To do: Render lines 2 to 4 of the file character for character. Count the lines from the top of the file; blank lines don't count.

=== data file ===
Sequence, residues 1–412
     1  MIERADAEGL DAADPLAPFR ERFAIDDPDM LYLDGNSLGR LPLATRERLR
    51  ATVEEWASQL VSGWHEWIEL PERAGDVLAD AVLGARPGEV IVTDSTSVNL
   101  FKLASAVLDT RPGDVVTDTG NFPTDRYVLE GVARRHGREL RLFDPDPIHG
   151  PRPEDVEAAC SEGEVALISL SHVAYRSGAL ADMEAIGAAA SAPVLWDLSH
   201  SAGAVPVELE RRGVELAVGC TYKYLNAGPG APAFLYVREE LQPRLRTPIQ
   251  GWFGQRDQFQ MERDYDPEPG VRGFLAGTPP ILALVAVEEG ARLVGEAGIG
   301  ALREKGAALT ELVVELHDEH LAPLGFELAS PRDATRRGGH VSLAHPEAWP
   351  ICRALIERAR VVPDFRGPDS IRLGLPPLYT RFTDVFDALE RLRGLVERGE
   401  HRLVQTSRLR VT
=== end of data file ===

     1  MIERADAEGL DAADPLAPFR ERFAIDDPDM LYLDGNSLGR LPLATRERLR
    51  ATVEEWASQL VSGWHEWIEL PERAGDVLAD AVLGARPGEV IVTDSTSVNL
   101  FKLASAVLDT RPGDVVTDTG NFPTDRYVLE GVARRHGREL RLFDPDPIHG